Agelenopsis, or American grass spiders, are so-called because they’re commonly found in grass and shrubs. They are quite small, with females being around 10 to 20 millimeters and males being slightly smaller than that.
They’re often mistaken for Wolf spiders, or even the more dangerous Hobo spiders because they can be quite similar in appearance – grass spiders have a similar color pattern on their cephalothorax or head region. They are tan in color, and have two darker lines running down on each side(though these lines aren’t quite as thick as the lines you’ll find on Wolf spiders). A distinctive pattern found on their abdomens that distinguish Grass spiders from Wolf spiders would be light chevrons, or inverted triangles. Another thing is if you find what you think is a Wolf spider near a funnel web, that may be a Grass spider as Wolf spiders live in burrows.
Unlike the Hobo and Wolf spiders that have very painful bites, the Grass spider does not possess venom poisonous or toxic to humans. In fact, their fangs are so small that they have difficulty penetrating our skin. They are very shy, and very fast – so Grass spiders rarely end up biting humans since they very quickly move out of the unsuspecting human’s way.
Grass spiders are a genus of funnel weavers, and belong to the family of Funnel Web Weavers, so-called because they build sheet-like webs with a funnel at one end. The grass spider then sits at the end of the web and waits for prey. Their web isn’t sticky, but Grass spiders make up for it with their speed in catching prey that stumble on their nest, scurrying to bite and paralyze its victim to later consume at its leisure.
Only female Grass spiders make funnel webs, while males spend their time wandering in search of females to mate with. Once they mate, they die shortly after. The females then bide their time and build their strength until they give birth in the fall, depositing their egg sacs in narrow areas such as between rocks near their nests. Sometimes the egg sacs can be found on the edge of their webs, but sometimes these eggs can be found beside their dried up mother, whose arms may still be clinging to her yet to hatch children.
When they do hatch in the spring, they will build their own nests spread away from one another, nests that will increase in size as the spider grows. These webs are most visible after a rain, when raindrops still cling to the silk and reflect light. Try spotting one in your own backyard. While they are commonly found among blades of grass, they can also be found on weeds, shrubs, ground covers, bushes, and brush piles to name a few.While they prefer the outdoors, you may find them seeking shelter indoors (and in your own home) in autumn when temperatures drop.
Grass spiders are considered beneficial since they are quite harmless to humans and feed on pests found in our homes – but if you do find yourself infested, don’t hesitate to reach out to a pest control company for assistance in dealing with Grass spiders and other pests.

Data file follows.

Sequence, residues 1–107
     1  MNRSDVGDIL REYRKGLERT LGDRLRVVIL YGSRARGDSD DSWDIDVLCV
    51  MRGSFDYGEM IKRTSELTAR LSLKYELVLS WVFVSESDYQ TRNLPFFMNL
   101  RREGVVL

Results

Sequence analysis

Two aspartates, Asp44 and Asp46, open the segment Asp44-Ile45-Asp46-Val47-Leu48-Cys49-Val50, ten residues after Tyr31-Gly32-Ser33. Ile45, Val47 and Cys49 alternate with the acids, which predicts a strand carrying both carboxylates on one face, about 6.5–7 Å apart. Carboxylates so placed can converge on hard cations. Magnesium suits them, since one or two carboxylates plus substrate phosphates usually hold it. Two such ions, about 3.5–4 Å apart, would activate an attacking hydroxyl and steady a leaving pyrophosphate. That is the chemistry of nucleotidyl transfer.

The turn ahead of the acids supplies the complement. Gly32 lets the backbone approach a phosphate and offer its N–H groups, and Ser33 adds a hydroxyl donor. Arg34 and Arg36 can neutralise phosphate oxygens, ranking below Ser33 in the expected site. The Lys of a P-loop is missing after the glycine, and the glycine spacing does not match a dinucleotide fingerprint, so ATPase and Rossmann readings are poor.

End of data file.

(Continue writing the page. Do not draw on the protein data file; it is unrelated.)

Spiders don’t typically go around biting people. Almost always, they end up biting people as a form of self-defense and that usually happens when you go stumbling about and not see that you’re about to come in contact with one very frightened spider. Sometimes, you’ll feel a stinging pain and not see anything right away – for some people, visible symptoms may take days to manifest, or even weeks.
Most spiders you’ll find lurking around in your home, garage, or woodshed are pretty much harmless (though their bites can still sting!). However, if you suspect you’ve been bitten by one of the deadlier types of spider such as the black widow spider or the brown recluse, their venom can do nasty, even deadly things to our bodies so immediate medical attention is needed.
Some symptoms of these spider bites include severe swelling, intense pain, muscle spasms, fever, and chills. You may also get abdominal pain, vomiting, and experience difficulty breathing and have lightheadedness. Note that the very young and the elderly are especially vulnerable to feeling the effects of a spider’s venom. If you feel any of these, get yourself to a hospital or clinic right away.
The effects of a general spider bite from spiders that are less deadly may be inflammation, redness, mild pain, and itching, and for these you may want to try a natural, at-home treatment.
The first step in treating the general spider bite is by washing the bite area with soap and warm water. Then apply ice or a cold compress, for 10 minutes, taking small breaks as necessary, to reduce swelling. Repeat several times during the day, especially in the first 24 hours. Do not apply the ice directly unto your skin.